First-Time ANDA Approvals Represented 25% of All ANDAs Approved in FY 2013

It is clear that the Office of Generic Drugs (OGD) wants to assure that first-time generic submissions also translate into first-time generic approvals.  In FY 2013, OGD approved a total of 440 ANDAs.  Of that total, there were 108 ANDAs reported on the OGD First-Time Generic Drug Approval lists for the year.  So it appears that OGD’s goal of getting first time approvals to the American public as quickly as possible at least translates into the percentage of first-time generic approvals (e.g., 1 in 4 ANDA approvals in FY 2013 was for a first-time generic approval of the product or 25%).

With the higher cost of brand name products, there is clearly a Hatch-Waxman mandate to get generic versions of product approved at the earliest possible date.  There is also a new focus related to cost consciousness lately being raised by the public, Congress and third-party payors.   Many articles and blog posts bear this out (albeit for only a certain segment of the generic market).  We have addressed this issue in one previous blog post (here) but it deserves another mention here.  Yes, it is true that the OGD MaPPs and the GDUFA goals letter address prioritizing and/or concentrating on bringing first-time generics to the market, but should the Agency also look to expediting approvals for ANDA products where the price of currently marketed products is skyrocketing?  After all, it is the patient and the government that must bear the burden for most drug costs (either directly or indirectly). And if patient cannot afford the generic drugs they are prescribed it certainly may be the same as not having them available.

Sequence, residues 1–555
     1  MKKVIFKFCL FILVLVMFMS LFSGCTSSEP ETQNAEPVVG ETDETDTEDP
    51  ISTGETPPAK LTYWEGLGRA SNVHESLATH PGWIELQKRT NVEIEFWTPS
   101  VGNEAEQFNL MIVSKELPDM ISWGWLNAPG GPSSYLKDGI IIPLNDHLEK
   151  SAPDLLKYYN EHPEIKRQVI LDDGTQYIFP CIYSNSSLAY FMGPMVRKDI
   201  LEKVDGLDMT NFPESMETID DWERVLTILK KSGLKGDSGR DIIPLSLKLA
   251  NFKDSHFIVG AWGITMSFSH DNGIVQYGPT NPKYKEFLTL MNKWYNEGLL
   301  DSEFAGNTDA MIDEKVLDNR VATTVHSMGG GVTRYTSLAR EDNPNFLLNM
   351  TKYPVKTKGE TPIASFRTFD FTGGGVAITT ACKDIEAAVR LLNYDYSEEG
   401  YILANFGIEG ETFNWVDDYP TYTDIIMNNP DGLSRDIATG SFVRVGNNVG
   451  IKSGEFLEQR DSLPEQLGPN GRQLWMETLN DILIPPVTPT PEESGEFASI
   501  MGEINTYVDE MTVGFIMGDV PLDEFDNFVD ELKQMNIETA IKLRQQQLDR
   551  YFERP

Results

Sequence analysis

So far, in October and November of FY 2014, OGD has approved 14 first-time ANDA submissions and approved a total of 57 ANDAs during that same period.  So, we start out FY 2014 with the same 25% approval rate of first-time generics.  We will have to see how Congress addresses the cost hikes seen for a number (albeit limited) of generic products.  One legislative proposal was to charge the brand name Centers for Medicare and Medicaid (CMS) rebate for a generic product that raises its price by more than 100%.  I am skeptical that this would ultimately be passed by the Congress, but my guess is that we will see something happen once the new Congress is seated.  We will keep our eyes peeled and let you know where this is all going.

I believe that a 25% first generic monthly approval rate is really pretty good and the situation will even be better if the number of monthly approvals increase in the near future and that percentage stays the same.